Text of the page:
The personal laws resulting from rabbinical, Bahia, Druze, and Christian religious rules and other rules that were heavily stacked against these women had helped to create divisive politics which the government was quick to exploit when necessary, had also brought severe discrimination, gender bias, and even exploitation against Jewish women in Israel, but through support, especially in terms of financing, and the influx of new intellectual and professional personnel, these women were able to gain political representation for the entire female Jewish population.
They could now more effectively seek the right to own property, seek better education, pressure spiritual leaders for greater involvement in prayer meetings and communal activities, from which they were previously excluded and made to feel secondary and inferior to the male.
It could be argued that on that basis of the achievement of the Jewish and the body of feminist theory that had developed through years of research and the effective dissemination of these information, that the Jewish women had developed an appropriate understanding of the definition of feminism, in that many had personally engaged in a movement, which is the term that Hooks (1998) had used to define the concepts, and had personal success in the process.
Greater volumes of feminist theories can now be constructed and used to build stronger bonds of unity among Jewish women in order to chart courses that will ensure generations to come will be less restricted in their pursuit of political, economical, spiritual and other ambitions, nationally and globally.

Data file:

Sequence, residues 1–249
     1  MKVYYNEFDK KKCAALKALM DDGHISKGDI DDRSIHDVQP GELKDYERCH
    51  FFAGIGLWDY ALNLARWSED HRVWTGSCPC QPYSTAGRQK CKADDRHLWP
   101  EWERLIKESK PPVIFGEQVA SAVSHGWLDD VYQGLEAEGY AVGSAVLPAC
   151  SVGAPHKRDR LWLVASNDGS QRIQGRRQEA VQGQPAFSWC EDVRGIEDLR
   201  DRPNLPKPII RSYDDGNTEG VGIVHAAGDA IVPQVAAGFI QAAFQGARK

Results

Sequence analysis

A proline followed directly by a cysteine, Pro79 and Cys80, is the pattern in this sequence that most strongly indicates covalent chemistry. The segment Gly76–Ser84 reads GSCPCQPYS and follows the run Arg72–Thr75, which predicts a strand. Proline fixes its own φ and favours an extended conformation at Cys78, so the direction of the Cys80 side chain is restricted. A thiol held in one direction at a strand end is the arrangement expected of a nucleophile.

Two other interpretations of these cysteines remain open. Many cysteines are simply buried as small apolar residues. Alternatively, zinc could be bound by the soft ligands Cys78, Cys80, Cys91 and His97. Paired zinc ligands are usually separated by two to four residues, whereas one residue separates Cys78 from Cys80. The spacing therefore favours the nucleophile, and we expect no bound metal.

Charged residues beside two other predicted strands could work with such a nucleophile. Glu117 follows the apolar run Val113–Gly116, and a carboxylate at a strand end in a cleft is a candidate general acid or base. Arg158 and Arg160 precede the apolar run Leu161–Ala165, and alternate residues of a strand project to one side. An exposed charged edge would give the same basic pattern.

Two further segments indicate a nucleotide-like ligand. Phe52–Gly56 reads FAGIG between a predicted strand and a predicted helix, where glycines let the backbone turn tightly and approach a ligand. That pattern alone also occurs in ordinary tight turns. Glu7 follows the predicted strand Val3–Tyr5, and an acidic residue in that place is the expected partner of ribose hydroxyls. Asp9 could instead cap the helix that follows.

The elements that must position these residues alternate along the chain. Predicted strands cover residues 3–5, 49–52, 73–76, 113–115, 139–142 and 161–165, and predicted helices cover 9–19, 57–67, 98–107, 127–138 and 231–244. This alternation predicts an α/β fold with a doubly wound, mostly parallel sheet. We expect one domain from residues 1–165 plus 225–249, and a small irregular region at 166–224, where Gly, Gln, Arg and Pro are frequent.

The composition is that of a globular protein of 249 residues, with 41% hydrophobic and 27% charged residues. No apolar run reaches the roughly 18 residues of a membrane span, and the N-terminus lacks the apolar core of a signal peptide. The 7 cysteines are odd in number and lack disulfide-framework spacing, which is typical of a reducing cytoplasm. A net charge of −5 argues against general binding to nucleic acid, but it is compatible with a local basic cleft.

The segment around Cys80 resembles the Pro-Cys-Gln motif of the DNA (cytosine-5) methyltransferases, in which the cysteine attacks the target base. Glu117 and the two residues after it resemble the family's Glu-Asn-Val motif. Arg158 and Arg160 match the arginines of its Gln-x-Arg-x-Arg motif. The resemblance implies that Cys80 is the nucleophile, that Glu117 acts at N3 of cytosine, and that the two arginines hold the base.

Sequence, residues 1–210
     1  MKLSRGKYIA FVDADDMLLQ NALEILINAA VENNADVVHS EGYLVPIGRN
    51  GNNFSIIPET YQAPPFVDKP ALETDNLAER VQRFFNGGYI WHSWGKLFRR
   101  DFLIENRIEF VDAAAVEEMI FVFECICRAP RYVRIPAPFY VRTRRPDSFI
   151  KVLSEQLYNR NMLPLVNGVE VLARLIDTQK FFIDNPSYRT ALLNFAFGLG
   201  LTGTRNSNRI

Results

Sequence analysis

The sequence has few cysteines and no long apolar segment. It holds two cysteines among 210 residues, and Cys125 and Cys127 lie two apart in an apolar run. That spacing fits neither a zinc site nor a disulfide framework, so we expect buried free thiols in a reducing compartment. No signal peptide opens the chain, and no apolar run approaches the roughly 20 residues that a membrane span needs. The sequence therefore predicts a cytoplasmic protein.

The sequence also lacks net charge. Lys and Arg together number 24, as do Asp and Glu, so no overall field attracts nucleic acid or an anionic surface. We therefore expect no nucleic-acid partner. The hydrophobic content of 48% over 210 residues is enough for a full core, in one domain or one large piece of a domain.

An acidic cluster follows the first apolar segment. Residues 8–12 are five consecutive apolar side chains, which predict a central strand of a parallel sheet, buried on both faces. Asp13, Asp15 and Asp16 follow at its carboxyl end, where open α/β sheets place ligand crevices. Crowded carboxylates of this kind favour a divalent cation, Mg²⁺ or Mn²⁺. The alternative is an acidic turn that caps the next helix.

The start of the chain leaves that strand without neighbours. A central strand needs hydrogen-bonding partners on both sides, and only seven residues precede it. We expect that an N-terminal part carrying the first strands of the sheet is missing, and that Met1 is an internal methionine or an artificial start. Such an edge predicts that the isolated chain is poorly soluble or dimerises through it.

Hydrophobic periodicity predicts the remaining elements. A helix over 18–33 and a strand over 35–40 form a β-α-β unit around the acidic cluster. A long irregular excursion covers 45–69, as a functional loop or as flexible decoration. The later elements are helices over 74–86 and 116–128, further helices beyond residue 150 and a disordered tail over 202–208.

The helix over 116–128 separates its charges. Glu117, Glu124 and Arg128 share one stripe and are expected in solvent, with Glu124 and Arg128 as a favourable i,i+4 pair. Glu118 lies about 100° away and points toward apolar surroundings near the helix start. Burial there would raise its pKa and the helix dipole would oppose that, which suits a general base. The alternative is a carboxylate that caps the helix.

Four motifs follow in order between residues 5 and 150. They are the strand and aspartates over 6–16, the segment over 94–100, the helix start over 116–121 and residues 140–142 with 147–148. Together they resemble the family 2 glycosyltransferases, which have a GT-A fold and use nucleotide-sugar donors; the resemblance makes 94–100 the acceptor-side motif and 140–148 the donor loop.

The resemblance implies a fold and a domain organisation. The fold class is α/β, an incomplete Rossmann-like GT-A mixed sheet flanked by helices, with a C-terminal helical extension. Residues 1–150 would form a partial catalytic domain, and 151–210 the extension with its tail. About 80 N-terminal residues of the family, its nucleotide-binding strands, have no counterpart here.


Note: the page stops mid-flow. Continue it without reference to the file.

The Jewish women had overcome the persistent government ambivalence, divisive politics, spiritual isolation, employment discrimination and have overcome Zionism Ideology and scorn form Ben Guiron and Golda Mair respectively, and changed the political and social landscape for good.
Jewish men, especially those in France and USA, who had abandon various aspects of their Jewish authority in order to gain acceptance as part of the fabric of the societies they were in, had no knowledge that they were paving the way for their relatives and fellow citizens in Israel, may need to have their ethics and commitment and loyalty questioned.
Finally, the Yom Kippur war may have brought humiliation and embarrassment to the nation of Israel, but it also exposed the fallacy of Zionism and the weakness of the social hierarchical system established by the government to keep women under subjugation, especially during times of conflicts. The closures of business places and the lack of drivers to provide transportation to keep the wheels of industry, employees, and resources moving freely across the nation, should serve as enduring reminders to not only the Israeli government, but also other governments elsewhere that have continued embrace anti -feminism measures, to advance their control and domination strategies over women in their respective societies.
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Glanzberg-Kranin, D. & Levitt, L. (2009). Feminist Theory and Jewish Studies Religion Compass Vol. 3 Issue 2 pp. 241- 252
Heschel, S. (1983). On being a Jewish Feminist Schocken Books NY.
Misra, K. & Rich, M.S., (2003). Jewish Feminism in Israel Brandeis University Press New England Hanover, NH
Hooks, B. (1998). Feminism: A Movement to End Sexist Oppression In Sandra Kemp and Judith Squires Eds. Feminism (pp.22-29) Oxford University Press Oxford www.mcc.osu.edu/posts/documents/sexism-bhooks.pdf , 04/10/12
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Hyman, P.E., Moore, D.D. (1997). Jewish Women in America: An Historical Encyclopedia Vol. 2 Routledge New York NY
Kaplan, M.A. (1979). The Jewish Feminism Movement in Germany: Campaign of Judisher Frauebund 1904-1938. Greenwood Press Westport CT
Johnson Lewis, J. (2012) Feminism Women History www.womenhistory.about.com/od/feminism/a/feminism.htm, 04/10/12
Kuzmack, L.G. (1990). Woman’s Cause: The Jewish Woman’s Movement in England and the United States 1881-1933 Ohio State University Press Columbus OH
Levitt, L. (1997). Jews and Feminism: The Ambivalent Search for Home Routledge New York NY
Pogrebin, L.C. (1991). Debora, Golda and Me: Being Female and Jewish in America Crown Publishers, New York